Strong rise in house prices in January
House prices rose by 3.3 per cent in January. Adjusted for seasonal variations, prices rose by 0.9 per cent.
Home prices are now 3.2 per cent higher than a year ago.
- Housing prices rose as normal in January, but the increase is stronger in many more areas than usual, especially in Agder and Rogaland and in Eastern part of Norway. The so-called January effect in the housing market corrects the normally weaker development in December.
- In the Oslo, the upturn in January comes at the peak of a strong December and at the same time the supply of used housing is lower than at the same time in 2018 and 2019. This gives reason to be aware of the situation here, especially for the municipality of Oslo, which is a market regulator through how much and what they regulate of housing, says CEO Henning Lauridsen in Real Estate Norway.
In January, 7,375 homes were sold in Norway, which is 1.7 per cent more than in the corresponding month in 2019.
In January, 7,209 homes were put up for sale in Norway, which is 3.9 per cent more than in the same month in 2019.
- The growth in the number of homes sold and the number of new homes in the market continues after the record years 2018 and 2019, and more homes have been sold and put out than in January 2019. This indicates a good balance market that is perceived as safe for consumers, says Lauridsen.
It took an average of 67 days to sell a home in January 2020. That is down from 71 days in December. Oslo had the fastest sales time with 32 days and the slowest sales time had Kristiansand with 100 days.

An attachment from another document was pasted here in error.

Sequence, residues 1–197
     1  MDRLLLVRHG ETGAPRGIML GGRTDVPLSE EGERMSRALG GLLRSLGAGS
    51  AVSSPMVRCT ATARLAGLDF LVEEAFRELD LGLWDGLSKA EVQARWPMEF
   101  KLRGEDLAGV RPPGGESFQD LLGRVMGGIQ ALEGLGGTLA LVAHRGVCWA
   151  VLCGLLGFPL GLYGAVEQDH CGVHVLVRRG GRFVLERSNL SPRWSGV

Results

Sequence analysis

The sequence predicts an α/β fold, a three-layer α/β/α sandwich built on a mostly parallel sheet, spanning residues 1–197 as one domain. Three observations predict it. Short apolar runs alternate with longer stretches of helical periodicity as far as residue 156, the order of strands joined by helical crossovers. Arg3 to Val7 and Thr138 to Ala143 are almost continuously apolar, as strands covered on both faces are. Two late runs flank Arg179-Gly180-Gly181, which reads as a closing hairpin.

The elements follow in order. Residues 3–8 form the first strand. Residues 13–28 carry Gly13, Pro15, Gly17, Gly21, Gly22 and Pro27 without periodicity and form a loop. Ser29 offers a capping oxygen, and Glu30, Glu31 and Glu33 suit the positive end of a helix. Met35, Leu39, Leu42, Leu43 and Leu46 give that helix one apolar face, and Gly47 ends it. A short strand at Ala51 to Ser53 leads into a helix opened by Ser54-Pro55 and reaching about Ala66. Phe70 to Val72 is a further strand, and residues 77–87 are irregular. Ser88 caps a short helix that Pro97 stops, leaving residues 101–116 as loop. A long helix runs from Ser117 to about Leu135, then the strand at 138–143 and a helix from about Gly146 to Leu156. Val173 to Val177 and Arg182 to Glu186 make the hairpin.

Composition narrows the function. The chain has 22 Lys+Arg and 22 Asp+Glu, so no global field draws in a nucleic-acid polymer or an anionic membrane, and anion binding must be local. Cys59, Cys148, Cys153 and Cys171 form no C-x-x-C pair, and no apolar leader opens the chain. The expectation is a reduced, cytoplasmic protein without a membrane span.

- The turnover time is stable and in line with 2018 and 2019. This is naturally given the larger supply in the housing market we have had in recent years, says Lauridsen.
Regional price trends
Kristiansand had the strongest seasonally adjusted price trend in January and was up 3.5 per cent. The weakest seasonally adjusted price trend was Ålesund w / surrounding area with an increase of 0.3 per cent.
Oslo had the strongest 12-month growth of 5.5 per cent, while Stavanger w / surrounding area had the weakest development in the last 12 months with an increase of 0.1 per cent.
- There has been a strong rise in both nominal and seasonally adjusted prices, especially in Agder and Rogaland. This must be seen in the context of the fall months being particularly weak here, says Lauridsen.
Oslo City Council must take the supply side seriously
- Through January, the supply of used housing has fallen in the capital. Over the past year, the City Council in Oslo has devoted much attention to the project "new roads to own housing" and a so-called third housing sector. This initiative must not pave the way for the municipality's primary task in the housing market, namely to regulate enough housing.
- It is well documented in research that there is a close relationship between housing construction, house prices and the degree of regulation. The City Council must now deliver on the 2015 legislation on adequate regulation and the conclusions of the Housing Growth Committee in 2016. As it stands now, the City Council's commitment to a third housing sector seems to weaken awareness of the municipality's main task in the housing market, concludes Henning Lauridsen, CEO of Real Estate Norway.